How to draft an Executive Order on alien abductions

Episode 251 of the Cyberlaw Podcast

|The Volokh Conspiracy |

The backlash against Big Tech dominates this episode, as we cover new regulatory initiatives in the US, EU, Israel, Russia, and China. The misbegotten link tax and upload filter provisions of the EU copyright directive have survived the convoluted EU legislative gantlet. My prediction: the link tax will fail because Google wants it to fail, but the upload filter will succeed because Google wants YouTube's competitors to fail.

Rumors are flying that the FTC and Facebook will agree on a billion-dollar-plus fine on the company for failure to adhere to its consent decree. My guess? This is not so much about law as about the climate of hostility around the company since it took the blame for Trump's election.

And, in yet another attack on Big Tech, the EU is targeting Google and Amazon for unfair practices as sales platforms. Uncharacteristically, I refuse to criticize the EU over this policy.

Artificial intelligence is so overworked a tech theme that it has even attracted the attention of the White House and DOD. We ask a new contributor, Jessica "Zhanna" Malekos Smith, to walk us through the President's Executive Order on AI. I complain that it's a cookie-cutter order that could as easily apply to alien abductions. DOD's AI strategy, in contrast, is somewhat more substantive.

If you can't beat 'em, ban 'em. Instead of regulating Big Tech, Russia is looking to take its own Internet offline in an emergency. The real question is whether Russia is planning to cause the emergency it's protecting itself against. If so, the West is profoundly unready.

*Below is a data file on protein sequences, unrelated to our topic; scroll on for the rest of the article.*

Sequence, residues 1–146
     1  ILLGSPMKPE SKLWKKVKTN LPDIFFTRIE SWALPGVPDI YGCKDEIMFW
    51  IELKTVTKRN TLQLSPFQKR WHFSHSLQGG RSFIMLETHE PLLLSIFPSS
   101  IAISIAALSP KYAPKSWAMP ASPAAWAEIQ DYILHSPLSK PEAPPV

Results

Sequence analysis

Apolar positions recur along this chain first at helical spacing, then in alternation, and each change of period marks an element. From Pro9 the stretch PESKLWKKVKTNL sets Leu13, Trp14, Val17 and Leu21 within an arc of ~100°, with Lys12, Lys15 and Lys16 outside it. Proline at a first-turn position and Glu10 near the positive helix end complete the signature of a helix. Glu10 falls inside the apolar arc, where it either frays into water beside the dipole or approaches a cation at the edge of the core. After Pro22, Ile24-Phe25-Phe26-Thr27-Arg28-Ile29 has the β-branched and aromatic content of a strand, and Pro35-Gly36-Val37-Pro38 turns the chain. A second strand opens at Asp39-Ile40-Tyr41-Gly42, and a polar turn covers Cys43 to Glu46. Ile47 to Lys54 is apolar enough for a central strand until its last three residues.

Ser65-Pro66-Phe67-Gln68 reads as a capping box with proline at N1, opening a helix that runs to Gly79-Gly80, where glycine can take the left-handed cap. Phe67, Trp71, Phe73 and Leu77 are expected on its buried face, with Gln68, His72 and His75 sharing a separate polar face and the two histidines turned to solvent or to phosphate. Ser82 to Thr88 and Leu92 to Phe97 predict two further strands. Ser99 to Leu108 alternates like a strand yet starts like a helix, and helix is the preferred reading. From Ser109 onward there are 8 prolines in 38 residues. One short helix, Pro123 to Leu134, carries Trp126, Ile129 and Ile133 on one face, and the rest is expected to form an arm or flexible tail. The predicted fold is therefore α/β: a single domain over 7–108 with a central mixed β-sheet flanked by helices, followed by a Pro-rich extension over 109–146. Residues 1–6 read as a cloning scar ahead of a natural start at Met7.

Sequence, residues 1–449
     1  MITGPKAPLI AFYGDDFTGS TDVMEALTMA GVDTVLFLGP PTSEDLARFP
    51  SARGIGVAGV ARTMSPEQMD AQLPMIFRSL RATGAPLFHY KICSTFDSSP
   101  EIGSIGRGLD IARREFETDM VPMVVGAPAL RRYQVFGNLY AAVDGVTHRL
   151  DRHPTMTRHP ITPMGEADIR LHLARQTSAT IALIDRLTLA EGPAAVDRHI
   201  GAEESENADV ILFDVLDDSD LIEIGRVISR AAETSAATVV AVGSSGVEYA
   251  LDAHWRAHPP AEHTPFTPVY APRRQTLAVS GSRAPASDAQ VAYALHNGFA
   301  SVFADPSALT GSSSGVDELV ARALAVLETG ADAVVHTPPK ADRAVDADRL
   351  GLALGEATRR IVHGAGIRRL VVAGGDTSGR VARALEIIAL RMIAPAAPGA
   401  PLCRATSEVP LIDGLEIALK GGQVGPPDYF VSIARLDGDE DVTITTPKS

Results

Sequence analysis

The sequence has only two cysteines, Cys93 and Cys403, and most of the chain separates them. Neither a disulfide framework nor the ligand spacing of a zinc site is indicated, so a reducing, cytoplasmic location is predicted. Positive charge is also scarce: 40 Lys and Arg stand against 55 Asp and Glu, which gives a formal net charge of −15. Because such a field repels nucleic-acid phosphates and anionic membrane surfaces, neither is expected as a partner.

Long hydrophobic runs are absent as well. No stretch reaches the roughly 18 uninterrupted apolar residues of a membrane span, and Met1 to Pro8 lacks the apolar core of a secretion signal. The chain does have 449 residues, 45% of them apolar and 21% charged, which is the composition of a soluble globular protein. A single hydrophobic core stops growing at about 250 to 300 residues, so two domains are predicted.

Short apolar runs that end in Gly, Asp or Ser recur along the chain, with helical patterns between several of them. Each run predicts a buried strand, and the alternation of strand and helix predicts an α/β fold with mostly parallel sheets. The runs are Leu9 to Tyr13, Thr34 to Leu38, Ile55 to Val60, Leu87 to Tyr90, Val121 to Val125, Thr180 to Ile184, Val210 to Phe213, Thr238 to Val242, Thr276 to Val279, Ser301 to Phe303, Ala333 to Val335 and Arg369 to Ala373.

CFIUS is contagious! Brian Egan tells us that under US pressure Israel is considering restrictions on Chinese investment as the world keeps choosing sides in the new cold war.

China's Ministry of Public Security is now authorized to conduct no-notice penetration testing of Internet businesses operating in China. I must say, it was nice of them to offer the service in beta to OPM, Anthem, and Equifax. Speaking of which, this mayspell (more) trouble for Western firms doing business in China.

Brian touches on Treasury's new sanctions against Iranian organizations for supporting intelligence and cyber operations targeting US persons. It turns out that the hackers had help – and that there is no ideology so loathsome it can't win converts among Americans.

Nate Jones describes the EU's plan to use "cyber sanctions" to fend off hackers during upcoming elections.

This Week in Old Guys You Shouldn't Mess With: Nate reveals how 94-year-old William H. Webster helped take down a Jamaican scam artist. Of course, if he was any younger, he probably wouldn't have picked up when the landline rang.

Our colleagues Nate Jones and David Kris have launched the Culper Partners Rule of Law Series. Be sure to listen as episodes are released through Lawfare.

Do you have policy ideas for how to improve cybercrime enforcement? Our friends at Third Way and the Journal of National Security Law & Policy are accepting proposals for their upcoming Cyber Enforcement Symposium. You can find the call for papers here.

Download the 251st Episode (mp3).

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